I just had a Jaws moment. You know, you think it is safe to go back in the water and then a bloody great shark bites your legs off. Except in this case you can replace the sea with the Internet and the shark with the equally dangerous Gumblar.
According to the latest ScanSafe numbers, Gumblar was responsible for a whopping 29% of all the web malware blocks it saw during October. Gumblar, in case you were wondering, is the collective name for a family of website compromises which are particularly nasty. Using a variety of routes to infection, Gumblar will install traffic sniffers and backdoors on computers, and exploit stolen FTP data to compromise web servers and sites.
During the course of October it began to put a backdoor botnet to use as a malware host, something very rarely seen as botnets are usually used to distribute and attack rather than host malware. To make matters even more worrisome, Gumblar has been dynamically constructing the hosted malware at the time of access to ensure users are delivered different exploits dependent on factors such as browser type for example. Throw in the use of dynamic obfuscation and you start to understand why Gumblar is proving to be such a troublesome beast. Once a Gumblar family exploit has been successfully installed via a visit to a compromised site, it is able to intercept all web traffic in both directions.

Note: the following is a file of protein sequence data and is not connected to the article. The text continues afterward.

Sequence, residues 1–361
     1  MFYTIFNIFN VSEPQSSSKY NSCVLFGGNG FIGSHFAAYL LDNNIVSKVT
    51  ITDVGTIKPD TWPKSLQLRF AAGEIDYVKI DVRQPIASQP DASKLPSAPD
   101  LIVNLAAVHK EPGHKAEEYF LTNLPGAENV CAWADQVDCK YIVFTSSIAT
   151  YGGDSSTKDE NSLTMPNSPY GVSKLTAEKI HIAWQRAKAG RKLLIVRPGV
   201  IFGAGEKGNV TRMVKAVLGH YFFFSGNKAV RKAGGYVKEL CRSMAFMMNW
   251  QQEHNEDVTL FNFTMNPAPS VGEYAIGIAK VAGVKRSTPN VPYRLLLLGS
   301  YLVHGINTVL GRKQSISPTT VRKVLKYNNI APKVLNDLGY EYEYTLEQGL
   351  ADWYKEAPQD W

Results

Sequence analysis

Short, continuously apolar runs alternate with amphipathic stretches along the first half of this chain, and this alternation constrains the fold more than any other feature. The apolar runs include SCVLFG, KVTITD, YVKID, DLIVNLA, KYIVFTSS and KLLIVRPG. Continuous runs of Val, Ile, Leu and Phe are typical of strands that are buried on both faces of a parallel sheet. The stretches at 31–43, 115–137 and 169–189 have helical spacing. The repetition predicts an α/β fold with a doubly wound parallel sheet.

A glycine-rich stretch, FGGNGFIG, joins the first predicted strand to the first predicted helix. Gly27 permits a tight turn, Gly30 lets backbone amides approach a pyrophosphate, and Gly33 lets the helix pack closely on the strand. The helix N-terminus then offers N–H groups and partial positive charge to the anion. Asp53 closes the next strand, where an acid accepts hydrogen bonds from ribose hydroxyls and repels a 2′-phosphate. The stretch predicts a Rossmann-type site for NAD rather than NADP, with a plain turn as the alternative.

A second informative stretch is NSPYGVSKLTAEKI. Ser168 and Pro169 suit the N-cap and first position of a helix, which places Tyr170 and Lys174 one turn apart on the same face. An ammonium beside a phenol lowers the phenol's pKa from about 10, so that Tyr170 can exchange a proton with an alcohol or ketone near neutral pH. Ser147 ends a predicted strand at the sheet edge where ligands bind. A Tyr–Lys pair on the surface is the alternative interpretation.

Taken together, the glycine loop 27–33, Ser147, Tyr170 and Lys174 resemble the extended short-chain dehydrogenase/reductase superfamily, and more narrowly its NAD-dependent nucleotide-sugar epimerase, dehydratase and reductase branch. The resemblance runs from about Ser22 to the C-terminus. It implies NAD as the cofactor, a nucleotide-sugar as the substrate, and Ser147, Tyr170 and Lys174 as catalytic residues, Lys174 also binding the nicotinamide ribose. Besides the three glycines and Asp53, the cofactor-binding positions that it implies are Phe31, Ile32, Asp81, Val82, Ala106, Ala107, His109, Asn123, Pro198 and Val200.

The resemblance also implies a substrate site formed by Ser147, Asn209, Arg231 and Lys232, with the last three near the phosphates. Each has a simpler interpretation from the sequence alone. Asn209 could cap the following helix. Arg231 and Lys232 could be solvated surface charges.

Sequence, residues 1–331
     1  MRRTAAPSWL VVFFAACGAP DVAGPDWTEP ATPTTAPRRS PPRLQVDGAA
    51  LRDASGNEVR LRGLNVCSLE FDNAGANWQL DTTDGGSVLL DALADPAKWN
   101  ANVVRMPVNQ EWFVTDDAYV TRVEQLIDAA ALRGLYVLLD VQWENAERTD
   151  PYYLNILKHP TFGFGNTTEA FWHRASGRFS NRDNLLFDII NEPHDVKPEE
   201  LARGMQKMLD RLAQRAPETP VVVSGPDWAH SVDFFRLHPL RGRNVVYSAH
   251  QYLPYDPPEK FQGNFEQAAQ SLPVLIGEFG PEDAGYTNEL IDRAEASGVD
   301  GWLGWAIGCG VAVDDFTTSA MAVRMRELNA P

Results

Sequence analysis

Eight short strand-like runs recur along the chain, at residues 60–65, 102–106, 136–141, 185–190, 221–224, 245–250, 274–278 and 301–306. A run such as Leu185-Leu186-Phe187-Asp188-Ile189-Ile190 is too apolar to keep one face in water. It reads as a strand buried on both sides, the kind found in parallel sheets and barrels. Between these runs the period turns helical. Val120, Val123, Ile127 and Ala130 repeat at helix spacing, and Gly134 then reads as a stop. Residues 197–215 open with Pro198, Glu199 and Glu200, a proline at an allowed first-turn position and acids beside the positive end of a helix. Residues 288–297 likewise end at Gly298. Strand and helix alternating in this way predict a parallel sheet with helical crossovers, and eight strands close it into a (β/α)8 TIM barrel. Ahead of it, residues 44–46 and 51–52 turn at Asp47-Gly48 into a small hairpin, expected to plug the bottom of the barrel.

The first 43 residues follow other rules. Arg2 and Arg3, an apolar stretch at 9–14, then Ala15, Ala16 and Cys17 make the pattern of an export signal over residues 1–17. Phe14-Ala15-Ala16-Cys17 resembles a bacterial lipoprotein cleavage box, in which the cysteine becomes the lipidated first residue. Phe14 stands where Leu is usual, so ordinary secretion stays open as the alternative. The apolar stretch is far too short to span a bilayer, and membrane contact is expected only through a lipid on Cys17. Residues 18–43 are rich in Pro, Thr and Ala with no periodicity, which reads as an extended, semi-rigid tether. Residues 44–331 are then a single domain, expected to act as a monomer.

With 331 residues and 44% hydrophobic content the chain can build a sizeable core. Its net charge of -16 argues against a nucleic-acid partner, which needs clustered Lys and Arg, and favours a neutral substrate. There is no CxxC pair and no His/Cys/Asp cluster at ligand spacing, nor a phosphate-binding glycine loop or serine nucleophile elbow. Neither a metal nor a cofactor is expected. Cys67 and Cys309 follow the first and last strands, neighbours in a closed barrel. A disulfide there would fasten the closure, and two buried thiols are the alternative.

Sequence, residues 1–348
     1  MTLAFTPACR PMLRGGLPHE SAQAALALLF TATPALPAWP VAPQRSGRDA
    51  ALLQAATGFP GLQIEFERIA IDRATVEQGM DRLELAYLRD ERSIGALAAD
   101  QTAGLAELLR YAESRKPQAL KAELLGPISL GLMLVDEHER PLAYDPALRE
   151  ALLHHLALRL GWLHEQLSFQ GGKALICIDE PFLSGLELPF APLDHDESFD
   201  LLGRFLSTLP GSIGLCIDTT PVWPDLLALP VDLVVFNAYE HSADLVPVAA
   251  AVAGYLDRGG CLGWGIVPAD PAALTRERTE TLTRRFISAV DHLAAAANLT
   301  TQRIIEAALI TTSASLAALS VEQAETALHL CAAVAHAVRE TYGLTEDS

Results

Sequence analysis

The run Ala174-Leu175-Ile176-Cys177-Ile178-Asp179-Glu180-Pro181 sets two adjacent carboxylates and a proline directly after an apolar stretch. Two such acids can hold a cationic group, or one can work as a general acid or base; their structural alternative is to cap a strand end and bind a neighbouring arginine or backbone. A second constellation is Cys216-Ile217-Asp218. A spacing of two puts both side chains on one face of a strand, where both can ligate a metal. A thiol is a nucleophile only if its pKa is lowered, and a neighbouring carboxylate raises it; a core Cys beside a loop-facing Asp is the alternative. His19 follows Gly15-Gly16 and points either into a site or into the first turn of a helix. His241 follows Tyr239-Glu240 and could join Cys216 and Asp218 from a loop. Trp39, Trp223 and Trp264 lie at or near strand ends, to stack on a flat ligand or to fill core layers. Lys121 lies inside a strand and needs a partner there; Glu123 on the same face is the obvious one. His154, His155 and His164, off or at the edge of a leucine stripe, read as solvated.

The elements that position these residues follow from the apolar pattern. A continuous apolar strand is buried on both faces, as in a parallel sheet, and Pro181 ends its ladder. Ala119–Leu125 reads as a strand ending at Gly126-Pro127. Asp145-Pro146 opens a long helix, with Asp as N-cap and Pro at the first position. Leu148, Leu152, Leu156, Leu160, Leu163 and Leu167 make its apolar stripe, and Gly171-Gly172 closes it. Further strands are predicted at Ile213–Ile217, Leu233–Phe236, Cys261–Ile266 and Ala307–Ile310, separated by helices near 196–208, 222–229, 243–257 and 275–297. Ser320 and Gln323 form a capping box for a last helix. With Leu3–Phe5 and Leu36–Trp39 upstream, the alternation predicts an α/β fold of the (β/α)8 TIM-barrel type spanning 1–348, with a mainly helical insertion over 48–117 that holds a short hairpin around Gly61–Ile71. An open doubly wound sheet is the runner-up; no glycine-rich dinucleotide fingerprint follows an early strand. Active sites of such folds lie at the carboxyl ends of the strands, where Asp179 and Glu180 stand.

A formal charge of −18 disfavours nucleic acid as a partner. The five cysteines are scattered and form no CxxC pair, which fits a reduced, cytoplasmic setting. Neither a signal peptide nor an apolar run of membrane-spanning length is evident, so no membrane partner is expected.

"Gumblar is arguably one of the most insidious threats facing both Web surfers and website operators today" Mary Landesman, senior security researcher at ScanSafe, argues "disturbingly, in early November, we detected that the backdoor left in place on the compromised websites by the Gumblar attackers was being leveraged by other groups of attackers meaning that the sites were under their control. This exacerbates the seriousness of the situation".
Landesman admits that the implications of this evolutionary departure from the norm displayed by Gumblar when it comes to installing PHP backdoors on compromised websites and using them as the actual malware host are rather staggering. "When a typical outbreak of website compromises occur, there are generally only a few actual malware domains involved" Landesman explains, adding "in the case of Gumblar, conservatively there are at least 2,000 backdoored websites serving as actual malware hosts. As a result, there is no single or few points at which to target efforts to shutdown the source of malware".